International conference and workshop
October 10/11, 2014
Museum Rietberg and Johann Jacobs Museum, Zurich
There was once a time when we talked about modern art, but today the term sounds strangely outmoded. If we remember correctly, this type of art grew out of two conflicting stimuli: the art that had gone before; and the society around us. Today, on the other hand, we talk of contemporary art. In fact, there are whole museums of contemporary art: it's almost as if the process of historic sedimentation had become frozen in an infinite sense of the present. But is there a threshold or a caesura, some form of recognition or forgetfulness between the one and the other, between the modern and the contemporary? Is this presence really as global as it would have us believe? Despite its best intentions and failed attempts at export modernity was essentially a western game. And if so, what retroactive effects does globalization have on the former centre that was once able to distinguish between itself and the other barbarians, between applied and fine art, or even between art and non-art? It seems clear that institutional edifices such as those museums that schlep the ballast of the 19th century around with them are in danger of either being crushed by the burden or seeking some form of emergency exit in populism and spectacle. But it seems equally clear that all the newly created institutional edifices, such as the biennales, are unable – at least on the strength of their own efforts – to generate the critical terminology or new realities that would have more substance than their latest press release with its mix of curatorial matters and the interests of the promoters. When the Present Begins is intended to be a halfway informative exchange of ideas about the state of the present, of the artistic contemporary. This exchange is taking place in two Zurich museums, of which one, the Rietberg Museum, is exclusively given over to non-western art. With its Gastspiel exhibition, it has admitted contemporary art for the first time to its premises. The Johann Jacobs Museum, on the other hand, finds the things to which it dedicates its energies along global trade routes. These may well be art. But, then again, they may not.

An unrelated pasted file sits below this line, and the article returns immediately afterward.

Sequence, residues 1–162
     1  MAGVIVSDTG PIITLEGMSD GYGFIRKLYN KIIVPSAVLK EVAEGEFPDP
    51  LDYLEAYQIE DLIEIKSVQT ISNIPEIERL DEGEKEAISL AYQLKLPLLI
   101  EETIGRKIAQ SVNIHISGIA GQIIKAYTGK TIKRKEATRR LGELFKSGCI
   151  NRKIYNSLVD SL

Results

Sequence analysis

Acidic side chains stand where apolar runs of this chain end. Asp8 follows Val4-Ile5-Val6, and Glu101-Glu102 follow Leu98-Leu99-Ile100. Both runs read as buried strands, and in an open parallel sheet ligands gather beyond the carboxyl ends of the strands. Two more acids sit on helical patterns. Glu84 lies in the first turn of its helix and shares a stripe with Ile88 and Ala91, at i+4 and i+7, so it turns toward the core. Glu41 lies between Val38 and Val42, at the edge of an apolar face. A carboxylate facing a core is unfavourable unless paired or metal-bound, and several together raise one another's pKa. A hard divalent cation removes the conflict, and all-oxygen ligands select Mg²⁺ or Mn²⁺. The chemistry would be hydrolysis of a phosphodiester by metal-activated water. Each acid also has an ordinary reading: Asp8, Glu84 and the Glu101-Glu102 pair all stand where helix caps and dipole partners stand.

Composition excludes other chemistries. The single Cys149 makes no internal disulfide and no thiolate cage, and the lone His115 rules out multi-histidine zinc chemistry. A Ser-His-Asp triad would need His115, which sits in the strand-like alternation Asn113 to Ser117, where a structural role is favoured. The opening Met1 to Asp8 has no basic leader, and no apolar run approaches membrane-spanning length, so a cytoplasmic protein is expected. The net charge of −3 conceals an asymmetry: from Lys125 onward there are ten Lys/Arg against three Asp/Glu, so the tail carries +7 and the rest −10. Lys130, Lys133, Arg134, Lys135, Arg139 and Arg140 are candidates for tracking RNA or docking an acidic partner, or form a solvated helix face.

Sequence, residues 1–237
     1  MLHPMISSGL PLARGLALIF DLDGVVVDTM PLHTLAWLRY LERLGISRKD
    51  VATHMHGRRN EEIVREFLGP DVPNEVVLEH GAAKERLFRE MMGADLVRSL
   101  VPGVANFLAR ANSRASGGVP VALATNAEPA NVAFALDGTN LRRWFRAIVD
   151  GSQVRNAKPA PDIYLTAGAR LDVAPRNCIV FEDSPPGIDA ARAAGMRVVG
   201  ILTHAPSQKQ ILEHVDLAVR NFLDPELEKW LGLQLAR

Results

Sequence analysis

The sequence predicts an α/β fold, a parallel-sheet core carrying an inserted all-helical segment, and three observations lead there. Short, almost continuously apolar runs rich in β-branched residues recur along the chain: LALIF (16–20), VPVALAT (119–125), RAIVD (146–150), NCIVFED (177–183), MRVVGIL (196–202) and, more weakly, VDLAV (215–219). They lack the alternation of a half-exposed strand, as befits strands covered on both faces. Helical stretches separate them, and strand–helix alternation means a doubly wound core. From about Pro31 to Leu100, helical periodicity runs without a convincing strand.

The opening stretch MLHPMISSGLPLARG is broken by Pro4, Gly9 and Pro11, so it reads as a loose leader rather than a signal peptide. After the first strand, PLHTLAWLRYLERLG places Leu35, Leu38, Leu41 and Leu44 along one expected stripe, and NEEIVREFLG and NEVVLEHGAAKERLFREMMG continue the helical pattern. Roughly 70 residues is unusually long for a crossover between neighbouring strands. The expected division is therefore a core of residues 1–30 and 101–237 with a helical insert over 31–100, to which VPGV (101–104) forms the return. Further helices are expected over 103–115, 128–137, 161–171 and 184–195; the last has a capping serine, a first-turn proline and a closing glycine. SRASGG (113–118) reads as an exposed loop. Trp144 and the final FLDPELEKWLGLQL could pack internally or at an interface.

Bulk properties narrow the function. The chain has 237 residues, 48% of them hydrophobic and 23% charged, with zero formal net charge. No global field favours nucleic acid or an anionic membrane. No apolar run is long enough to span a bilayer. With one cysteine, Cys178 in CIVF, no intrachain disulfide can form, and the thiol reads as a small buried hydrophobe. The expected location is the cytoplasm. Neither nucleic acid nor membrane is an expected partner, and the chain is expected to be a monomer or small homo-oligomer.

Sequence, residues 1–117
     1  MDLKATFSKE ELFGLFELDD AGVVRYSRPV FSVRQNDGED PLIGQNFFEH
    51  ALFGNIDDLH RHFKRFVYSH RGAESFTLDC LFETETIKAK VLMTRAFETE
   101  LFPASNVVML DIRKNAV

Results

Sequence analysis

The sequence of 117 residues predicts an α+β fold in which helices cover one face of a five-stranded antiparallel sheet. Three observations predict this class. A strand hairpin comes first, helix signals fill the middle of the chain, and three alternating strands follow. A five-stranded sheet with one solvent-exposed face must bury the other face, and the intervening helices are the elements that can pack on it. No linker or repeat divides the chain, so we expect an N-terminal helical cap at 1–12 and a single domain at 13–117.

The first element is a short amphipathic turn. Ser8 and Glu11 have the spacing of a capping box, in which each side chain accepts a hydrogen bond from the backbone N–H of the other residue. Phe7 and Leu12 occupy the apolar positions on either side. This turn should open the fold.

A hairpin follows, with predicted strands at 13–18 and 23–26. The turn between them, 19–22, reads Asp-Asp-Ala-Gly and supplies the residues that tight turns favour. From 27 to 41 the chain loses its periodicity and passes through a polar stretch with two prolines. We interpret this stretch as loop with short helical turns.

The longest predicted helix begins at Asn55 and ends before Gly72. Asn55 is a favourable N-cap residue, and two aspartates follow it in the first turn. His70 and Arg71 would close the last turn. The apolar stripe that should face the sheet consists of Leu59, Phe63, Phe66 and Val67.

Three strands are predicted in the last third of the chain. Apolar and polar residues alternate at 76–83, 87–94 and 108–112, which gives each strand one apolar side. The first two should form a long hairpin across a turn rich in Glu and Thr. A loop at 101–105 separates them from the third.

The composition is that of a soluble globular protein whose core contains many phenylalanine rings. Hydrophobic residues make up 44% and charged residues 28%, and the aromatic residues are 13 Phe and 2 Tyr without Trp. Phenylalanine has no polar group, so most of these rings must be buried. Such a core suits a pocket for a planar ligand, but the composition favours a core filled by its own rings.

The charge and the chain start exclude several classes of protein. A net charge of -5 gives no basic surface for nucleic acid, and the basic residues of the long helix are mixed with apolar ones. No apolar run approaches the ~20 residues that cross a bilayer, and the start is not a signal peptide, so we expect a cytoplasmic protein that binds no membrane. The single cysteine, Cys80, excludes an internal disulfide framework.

Chika Okeke-Agulu, Daisy Bisenieks, Angela Dimitrakaki, Adrienne Edwards, Pauline J. Yao, Anke Hennig, Susanne Leeb, Royce Ng, Peter Osborne, Marcelo Rezende, Moe Satt